Lunch After a Trip to Russian Art Exhibit

Why Russian?

“If you’ve ever been even minutely curious about the culture, current events, Communism, or literary classics of Russia, then taking Russian is a satisfying way to gain insights. The language reveals much more than you expect. And if you haven’t been curious, Russia is one of the most fascinating and dynamic countries of the Eastern world! Now’s the perfect time to start learning.”

Morgan Holmes ’11

“The department is really, really strong and though the language is pretty tough and definitely a fair amount of work, I won’t lie about that, it’s been worth it to me to take a language that I actually enjoy, as opposed to something that I would just suffer through and have wasted however much time.”

Liza Styles ’09

“Russian is the 5th most widely spoken language in the world, and yet very few Westerners consider learning it. Be among the few who do! The language is musical, sexy, and fun to speak. Russians love to laugh, drink, make music, talk late into the night, and celebrate anything and everything, and the language is the key to the party.”

Jenny Holm ’07

“Russia is a fascinating place, and most know very little about its history, language and culture.”

Robbie Webber ’07

“There is a whole world of Russian music, art, literature, dance, culture, and science that Americans are largely unaware of.”

Ben Owens ’07

What’s special about Russian at Carleton?

“Russian class is exceptionally fun – sometimes to the point of it not even feeling like “class” anymore. On Tuesdays and Thursdays you practice conversing in Russian with Anna Mikhailovna by just chatting and essentially playing trivia games. You’re learning a lot but also having a really fun time. Laughter is guaranteed!”

Mara Kilgore ’13

“The class sizes are very small, so you quickly get to know everyone in the class. It doesn’t take long for everyone to feel like family, and there is always someone to turn to for personal and academic help.”

Laura Roberts ’10

“The Russian professors are the best I’ve ever met or heard of – as weird as it may sound, Laura Goering teaching you complex grammar structures is not a terrifying experience. In fact, we usually all wind up laughing!”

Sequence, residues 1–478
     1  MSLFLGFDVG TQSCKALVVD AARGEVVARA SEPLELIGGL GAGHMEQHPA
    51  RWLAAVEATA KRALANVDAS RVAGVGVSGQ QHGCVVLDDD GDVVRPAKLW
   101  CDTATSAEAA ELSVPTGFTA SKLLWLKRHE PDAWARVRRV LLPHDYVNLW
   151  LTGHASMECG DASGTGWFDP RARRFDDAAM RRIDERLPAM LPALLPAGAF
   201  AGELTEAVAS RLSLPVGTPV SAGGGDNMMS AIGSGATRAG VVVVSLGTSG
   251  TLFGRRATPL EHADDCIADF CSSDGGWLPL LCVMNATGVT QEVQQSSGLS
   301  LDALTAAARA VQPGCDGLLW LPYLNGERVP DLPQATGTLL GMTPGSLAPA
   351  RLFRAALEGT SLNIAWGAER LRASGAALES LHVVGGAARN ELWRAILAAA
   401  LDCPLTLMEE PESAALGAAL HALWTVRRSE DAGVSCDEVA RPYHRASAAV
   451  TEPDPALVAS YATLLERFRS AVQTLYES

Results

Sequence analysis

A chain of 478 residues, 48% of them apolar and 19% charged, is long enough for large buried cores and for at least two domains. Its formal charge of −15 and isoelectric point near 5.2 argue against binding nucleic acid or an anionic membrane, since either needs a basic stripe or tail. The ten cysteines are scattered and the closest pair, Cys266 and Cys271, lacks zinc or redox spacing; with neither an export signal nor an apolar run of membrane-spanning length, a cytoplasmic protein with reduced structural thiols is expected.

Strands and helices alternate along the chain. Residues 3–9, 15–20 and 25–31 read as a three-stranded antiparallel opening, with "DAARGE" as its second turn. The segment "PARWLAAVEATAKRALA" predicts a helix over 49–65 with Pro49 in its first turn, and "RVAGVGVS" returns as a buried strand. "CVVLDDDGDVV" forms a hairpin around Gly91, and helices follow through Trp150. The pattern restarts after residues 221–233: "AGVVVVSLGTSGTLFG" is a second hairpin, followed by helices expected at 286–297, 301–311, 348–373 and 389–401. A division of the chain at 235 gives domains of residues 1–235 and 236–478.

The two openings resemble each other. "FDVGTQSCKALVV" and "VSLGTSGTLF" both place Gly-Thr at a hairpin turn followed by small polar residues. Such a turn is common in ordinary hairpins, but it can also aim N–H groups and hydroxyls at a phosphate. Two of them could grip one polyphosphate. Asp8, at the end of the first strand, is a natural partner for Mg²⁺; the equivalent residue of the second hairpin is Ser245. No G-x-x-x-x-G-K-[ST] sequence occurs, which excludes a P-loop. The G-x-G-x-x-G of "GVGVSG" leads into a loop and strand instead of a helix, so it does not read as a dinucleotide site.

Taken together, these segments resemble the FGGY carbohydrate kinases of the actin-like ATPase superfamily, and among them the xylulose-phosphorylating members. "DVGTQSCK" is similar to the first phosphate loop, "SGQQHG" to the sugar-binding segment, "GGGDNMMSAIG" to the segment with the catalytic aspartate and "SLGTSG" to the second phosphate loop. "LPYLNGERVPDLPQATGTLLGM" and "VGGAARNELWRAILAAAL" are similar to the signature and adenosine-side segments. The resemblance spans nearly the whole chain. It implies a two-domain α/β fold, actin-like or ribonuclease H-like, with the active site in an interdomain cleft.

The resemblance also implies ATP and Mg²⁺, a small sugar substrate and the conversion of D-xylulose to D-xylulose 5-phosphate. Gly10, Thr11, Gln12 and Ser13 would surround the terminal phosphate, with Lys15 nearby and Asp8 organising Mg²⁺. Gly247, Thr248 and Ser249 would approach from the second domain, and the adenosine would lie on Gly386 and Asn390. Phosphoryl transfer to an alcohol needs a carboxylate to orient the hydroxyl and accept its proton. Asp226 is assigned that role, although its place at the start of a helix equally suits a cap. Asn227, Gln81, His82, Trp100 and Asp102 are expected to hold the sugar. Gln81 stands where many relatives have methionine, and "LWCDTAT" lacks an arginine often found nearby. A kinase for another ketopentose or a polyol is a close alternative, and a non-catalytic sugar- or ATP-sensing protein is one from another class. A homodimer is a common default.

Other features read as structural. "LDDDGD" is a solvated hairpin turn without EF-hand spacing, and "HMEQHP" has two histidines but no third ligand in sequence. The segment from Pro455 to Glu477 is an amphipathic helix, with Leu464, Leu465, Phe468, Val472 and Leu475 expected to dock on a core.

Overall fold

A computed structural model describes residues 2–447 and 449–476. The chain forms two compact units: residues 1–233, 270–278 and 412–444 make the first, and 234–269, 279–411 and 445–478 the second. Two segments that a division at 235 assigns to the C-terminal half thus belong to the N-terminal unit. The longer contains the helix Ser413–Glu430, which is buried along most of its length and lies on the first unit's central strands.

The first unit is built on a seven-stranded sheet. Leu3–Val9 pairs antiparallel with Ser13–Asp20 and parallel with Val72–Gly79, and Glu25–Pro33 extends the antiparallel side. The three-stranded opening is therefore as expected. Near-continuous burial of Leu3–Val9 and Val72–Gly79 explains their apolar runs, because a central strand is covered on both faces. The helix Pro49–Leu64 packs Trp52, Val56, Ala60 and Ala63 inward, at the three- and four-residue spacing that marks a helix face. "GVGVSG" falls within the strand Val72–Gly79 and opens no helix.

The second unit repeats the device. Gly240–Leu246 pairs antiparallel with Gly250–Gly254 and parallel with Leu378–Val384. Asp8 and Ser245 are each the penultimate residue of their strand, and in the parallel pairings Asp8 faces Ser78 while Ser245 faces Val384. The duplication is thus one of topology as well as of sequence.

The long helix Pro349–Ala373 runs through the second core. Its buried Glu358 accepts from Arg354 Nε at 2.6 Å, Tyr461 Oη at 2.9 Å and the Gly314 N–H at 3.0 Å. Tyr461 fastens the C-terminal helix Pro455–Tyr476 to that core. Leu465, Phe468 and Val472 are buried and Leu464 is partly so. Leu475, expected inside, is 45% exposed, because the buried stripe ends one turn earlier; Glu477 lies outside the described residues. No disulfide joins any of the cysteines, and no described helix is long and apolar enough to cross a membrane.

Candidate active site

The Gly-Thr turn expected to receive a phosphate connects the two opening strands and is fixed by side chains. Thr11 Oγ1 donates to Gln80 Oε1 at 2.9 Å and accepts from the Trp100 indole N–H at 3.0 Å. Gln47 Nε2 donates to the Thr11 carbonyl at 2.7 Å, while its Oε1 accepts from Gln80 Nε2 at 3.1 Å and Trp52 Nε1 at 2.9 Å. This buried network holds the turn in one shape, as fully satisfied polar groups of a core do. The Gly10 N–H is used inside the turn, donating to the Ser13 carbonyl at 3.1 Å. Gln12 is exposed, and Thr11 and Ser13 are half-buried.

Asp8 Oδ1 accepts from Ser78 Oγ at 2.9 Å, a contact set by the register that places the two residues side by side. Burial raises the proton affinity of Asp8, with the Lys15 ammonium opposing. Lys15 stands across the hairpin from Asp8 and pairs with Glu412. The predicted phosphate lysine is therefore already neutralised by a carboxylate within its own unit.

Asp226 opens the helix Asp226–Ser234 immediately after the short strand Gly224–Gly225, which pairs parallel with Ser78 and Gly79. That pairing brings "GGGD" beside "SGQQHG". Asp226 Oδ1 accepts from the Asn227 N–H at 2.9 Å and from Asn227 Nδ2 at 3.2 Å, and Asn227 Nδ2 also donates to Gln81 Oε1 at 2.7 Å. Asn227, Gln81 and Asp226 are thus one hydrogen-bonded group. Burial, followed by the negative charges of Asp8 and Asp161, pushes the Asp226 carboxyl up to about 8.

Kevin McGrath ’10

“Because of the department’s small size, students are able to receive more attention than they typically would. From writing and performing small skits to enjoying a home-cooked Russian meal courtesy of our professor, it is truly an enjoyable experience.”

Alex Dvorkin ’08

“There are only three professors, your classes will be small, and there’s strong community within the department. You can look forward to dinners at Diane/Anna’s house and tons of activities put on by the Language Assistant, including the Russian Table during Tuesday lunch, and Russian Tea on Thursday evenings.”

Dan Callahan ’08

“If you take Russian, be prepared to do something fun in class every day like singing, watching TV clips in Russian, acting in mini plays, playing trivia, and if it turns out to be your lucky day, getting to taste Russian sweets imported directly from Moscow’s Red October chocolate factory just for the good students in Carleton’s Russian classes.”

Ben Owens ’08

But isn’t Russian really hard?

“Russian is a fun language to study because, unlike English, it really makes sense. Learning Russian requires a lot of time and effort, but if you know how to study and devote the time, Russian definitely isn’t hard. It can seem overwhelming (especially the first term), but it’s never impossible because the professors are so dedicated to making sure you understand and really learn it.”

Mara Kilgore ’13

“Russian homework, quizzes, and tests are not sneaky. The homework is straightforward, and if you keep up on the homework, the quizzes are easy. All the grammar that you will be tested on is covered in class, so the tests have no surprises. If you study and pay attention in class, you will do well.”

Laura Roberts ’10

“The general consensus in my class of Russian students is that the 100 level classes were not that stressful or too much work. I’ve found that the classroom atmosphere in all my Russian classes was pretty relaxed and jovial and I’ve found that students in Russian classes develop a family-like bond after being together after a while.”

Ben Owens ’08

“Russian is not as difficult as they would have you believe. And when you take Russian here you get to meet a lot of excellent people and know them intimately, besides — not least on account of the small class/department size.”

Emily Young ’05

“Russian does come with a bit of a workload, and it can be challenging, but it’s nothing unmanageable. In exchange for your effort, you come away with a phenomenally deep understanding of the Russian language and its history, as well as the culture of Slavic nations. Take Russian!”

Dan Callahan ’08

What is the department like?

“Even after finishing my time in Russian a year and a half ago, Anna Mikhailovna still spots me around campus and calls me by my Russian nickname. She loves theatre and always asks me what plays I’m participating in during the term. Because the department is small, Russian students and professors get to know each other in this close, personal way.”

Morgan Holmes ’11

“The size of the department means that your Tuesday/Thursday sessions are taught by a prof, instead of a TA. Usually, that means Anna. What makes the deal even better is that Anna speaks not a word of English (to students, at least), so your second class will be conducted entirely in Russian. And you’ll understand. That’s how good she is.”

Dan Callahan ’08

“It’s a strong department, the professors are great, and other amazing people are taking Russian.”